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London Film Festival 2014

London Film Festival 2014: Metamorphoses | Review

  Tuesday 23rd September 2014

Freely combining the contemporary cinema with ancient elegy and myth, Christophe Honoré’s Metamorphoses is a dark spin of Ovid’s iconic works of Latin narrative poetry. Loosely based around selected episodes and characters from the chronicles, the film explores enormous ground in terms of theme including lust, gratitude, love, belief and avengement.

It takes time to get into the director’s mindset and allow your imagination to run with the plots, and consequently the second half is better than the first. The mythological elements and the fable-like morals of the happenings between the gods and mortals are initially confusing. However, the one-foot-in-reality-and-one-foot-out kind of disbelief is represented onscreen through the protagonist Europe (Amira Akili), and does dissipate.

With a turbulent home life, Europe is seduced and led by Jupiter (Sébastien Hirel) who gives her anecdotal accounts of the mythical figures. Europe learns of and encounters a Christ-like Orphée (George Babluani), darkly volatile Bacchus (Damien Chapelle) and his hoard of hauntingly feral women, Venus (Keti Bicolli) and Jupiter’s jealous wife Junon (Mélodie Richard).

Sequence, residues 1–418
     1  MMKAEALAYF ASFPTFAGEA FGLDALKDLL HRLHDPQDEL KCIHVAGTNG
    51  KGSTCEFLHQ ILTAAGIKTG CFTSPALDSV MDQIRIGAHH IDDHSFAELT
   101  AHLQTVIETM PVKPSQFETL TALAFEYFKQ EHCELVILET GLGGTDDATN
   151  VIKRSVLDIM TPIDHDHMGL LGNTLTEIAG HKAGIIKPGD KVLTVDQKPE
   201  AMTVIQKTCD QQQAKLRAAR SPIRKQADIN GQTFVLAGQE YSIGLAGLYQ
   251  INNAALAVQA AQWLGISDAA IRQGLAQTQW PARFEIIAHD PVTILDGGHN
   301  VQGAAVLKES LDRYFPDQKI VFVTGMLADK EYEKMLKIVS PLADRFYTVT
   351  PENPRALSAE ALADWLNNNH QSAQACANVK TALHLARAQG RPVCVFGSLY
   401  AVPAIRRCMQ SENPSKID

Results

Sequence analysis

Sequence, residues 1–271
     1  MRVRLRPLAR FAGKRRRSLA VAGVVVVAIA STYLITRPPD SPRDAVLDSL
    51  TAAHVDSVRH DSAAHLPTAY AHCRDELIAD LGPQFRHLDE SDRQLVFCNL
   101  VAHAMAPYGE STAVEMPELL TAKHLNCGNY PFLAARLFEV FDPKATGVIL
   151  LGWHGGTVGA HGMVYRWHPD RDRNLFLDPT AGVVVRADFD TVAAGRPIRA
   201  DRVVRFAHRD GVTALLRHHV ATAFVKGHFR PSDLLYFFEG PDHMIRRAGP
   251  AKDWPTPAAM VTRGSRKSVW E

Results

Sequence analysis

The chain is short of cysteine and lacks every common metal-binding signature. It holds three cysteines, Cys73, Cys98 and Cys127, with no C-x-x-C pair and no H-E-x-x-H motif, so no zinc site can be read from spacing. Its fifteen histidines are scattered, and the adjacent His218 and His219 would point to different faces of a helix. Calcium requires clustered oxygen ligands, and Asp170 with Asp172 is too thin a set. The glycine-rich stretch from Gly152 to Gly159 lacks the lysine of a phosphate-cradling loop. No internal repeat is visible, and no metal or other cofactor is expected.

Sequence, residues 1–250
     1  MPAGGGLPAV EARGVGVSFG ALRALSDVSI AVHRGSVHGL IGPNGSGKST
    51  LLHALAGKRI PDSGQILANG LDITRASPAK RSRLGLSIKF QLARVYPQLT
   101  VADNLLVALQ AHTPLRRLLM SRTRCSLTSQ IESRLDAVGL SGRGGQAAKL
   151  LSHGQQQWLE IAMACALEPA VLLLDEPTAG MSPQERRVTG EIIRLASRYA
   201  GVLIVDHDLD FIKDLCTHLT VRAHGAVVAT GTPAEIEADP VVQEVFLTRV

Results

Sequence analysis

The costume and overall aesthetic is understated, non-fussy and casual. There is a naturist angle to the piece that sets a pure but nonetheless erotic current throughout. Male and female cast members alike give the camera full benefit of their beautiful and varied body shapes without excuse, invigoratingly far from the general hairless ethic of mainstream film.

The lyrical scenery and the grace of the cinematography are truly enjoyable, with both speed and points of swelling stillness enhanced by a soundtrack, which is charming and gives another modern twist to the age-old stories. The locations, wild and urban, are shot deftly and even the desolate estate scenes in Narcissus’ tale have a stoic beauty. The sequence telling the story of Atalante and Hippomène can only be described as a short ballet. The athleticism and fluidity of the choreography and pace at which the camera moves with the actors is refreshing and as romantic as the story.

Revealing how peculiar and off-the-wall Greek mythology is when played out with realistic special effects and in a modern world, Metamorphoses is only fearful if you believe it.


Lauren Pennycott

Metamorphoses is released in selected cinemas on 9th October 2014.

For further information about the BFI London Film Festival visit here.

Read more reviews from the festival here.

Watch the trailer for Metamorphoses here:

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Lauren Pennycott

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